Charles Dickens

He had been away in all seven years; he returned four years ago to see his family. He was then engaged to a very amiable young lady. He had been very successful abroad, and was now returning to fulfil his sacred vow; he brought all his property with him in gold uninsured. We heard from him when the ship stopped at Queenstown, when he was in the highest of hope, and in a few short hours afterwards all was washed away.

Mournful in the deepest degree, but too sacred for quotation here, were the numerous references to those miniatures of women worn round the necks of rough men (and found there after death), those locks of hair, those scraps of letters, those many many slight memorials of hidden tenderness. One man cast up by the sea bore about him, printed on a perforated lace card, the following singular (and unavailing) charm:


May the blessing of God await thee. May the sun of glory shine around thy bed; and may the gates of plenty, honour, and happiness be ever open to thee. May no sorrow distress thy days; may no grief disturb thy nights. May the pillow of peace kiss thy cheek, and the pleasures of imagination attend thy dreams; and when length of years makes thee tired of earthly joys, and the curtain of death gently closes around thy last sleep of human existence, may the Angel of God attend thy bed, and take care that the expiring lamp of life shall not receive one rude blast to hasten on its extinction.

A sailor had these devices on his right arm. 'Our Saviour on the Cross, the forehead of the Crucifix and the vesture stained red; on the lower part of the arm, a man and woman; on one side of the Cross, the appearance of a half moon, with a face; on the other side, the sun; on the top of the Cross, the letters I.H.S.; on the left arm, a man and woman dancing, with an effort to delineate the female's dress; under which, initials.' Another seaman 'had, on the lower part of the right arm, the device of a sailor and a female; the man holding the Union Jack with a streamer, the folds of which waved over her head, and the end of it was held in her hand. On the upper part of the arm, a device of Our Lord on the Cross, with stars surrounding the head of the Cross, and one large star on the side in Indian Ink. On the left arm, a flag, a true lover's knot, a face, and initials.' This tattooing was found still plain, below the discoloured outer surface of a mutilated arm, when such surface was carefully scraped away with a knife. It is not improbable that the perpetuation of this marking custom among seamen, may be referred back to their desire to be identified, if drowned and flung ashore.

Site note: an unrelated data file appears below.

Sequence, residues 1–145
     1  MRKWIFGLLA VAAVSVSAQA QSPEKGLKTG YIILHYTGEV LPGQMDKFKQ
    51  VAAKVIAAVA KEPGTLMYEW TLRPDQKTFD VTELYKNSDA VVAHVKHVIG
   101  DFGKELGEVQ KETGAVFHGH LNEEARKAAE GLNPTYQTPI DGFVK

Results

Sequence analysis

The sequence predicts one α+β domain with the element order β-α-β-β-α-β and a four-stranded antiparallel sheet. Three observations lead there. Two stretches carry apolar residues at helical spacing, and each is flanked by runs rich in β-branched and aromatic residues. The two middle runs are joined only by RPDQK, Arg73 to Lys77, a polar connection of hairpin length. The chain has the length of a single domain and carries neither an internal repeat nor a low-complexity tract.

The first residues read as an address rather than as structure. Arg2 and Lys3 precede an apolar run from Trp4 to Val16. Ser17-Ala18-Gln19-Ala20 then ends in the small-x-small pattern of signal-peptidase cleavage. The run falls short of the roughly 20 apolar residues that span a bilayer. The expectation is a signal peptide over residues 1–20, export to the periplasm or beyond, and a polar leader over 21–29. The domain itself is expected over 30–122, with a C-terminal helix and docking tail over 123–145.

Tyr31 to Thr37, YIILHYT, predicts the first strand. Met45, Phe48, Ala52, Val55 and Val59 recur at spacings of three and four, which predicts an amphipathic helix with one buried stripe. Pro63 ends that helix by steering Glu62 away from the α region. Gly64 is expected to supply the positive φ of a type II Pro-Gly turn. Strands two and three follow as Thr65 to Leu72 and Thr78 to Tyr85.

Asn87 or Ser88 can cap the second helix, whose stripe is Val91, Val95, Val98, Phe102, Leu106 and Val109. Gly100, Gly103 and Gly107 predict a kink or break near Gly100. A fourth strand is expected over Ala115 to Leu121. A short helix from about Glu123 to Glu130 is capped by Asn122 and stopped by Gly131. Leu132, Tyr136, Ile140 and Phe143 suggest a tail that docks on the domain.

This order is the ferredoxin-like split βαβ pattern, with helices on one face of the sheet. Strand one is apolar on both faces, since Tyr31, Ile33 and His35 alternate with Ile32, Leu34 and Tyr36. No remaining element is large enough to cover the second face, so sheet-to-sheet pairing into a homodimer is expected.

It was some time before I could sever myself from the many interesting papers on the table, and then I broke bread and drank wine with the kind family before I left them. As I brought the Coast-guard down, so I took the Postman back, with his leathern wallet, walking-stick, bugle, and terrier dog. Many a heart-broken letter had he brought to the Rectory House within two months many; a benignantly painstaking answer had he carried back.

As I rode along, I thought of the many people, inhabitants of this mother country, who would make pilgrimages to the little churchyard in the years to come; I thought of the many people in Australia, who would have an interest in such a shipwreck, and would find their way here when they visit the Old World; I thought of the writers of all the wreck of letters I had left upon the table; and I resolved to place this little record where it stands. Convocations, Conferences, Diocesan Epistles, and the like, will do a great deal for Religion, I dare say, and Heaven send they may! but I doubt if they will ever do their Master's service half so well, in all the time they last, as the Heavens have seen it done in this bleak spot upon the rugged coast of Wales.

Had I lost the friend of my life, in the wreck of the Royal Charter; had I lost my betrothed, the more than friend of my life; had I lost my maiden daughter, had I lost my hopeful boy, had I lost my little child; I would kiss the hands that worked so busily and gently in the church, and say, 'None better could have touched the form, though it had lain at home.' I could be sure of it, I could be thankful for it: I could be content to leave the grave near the house the good family pass in and out of every day, undisturbed, in the little churchyard where so many are so strangely brought together.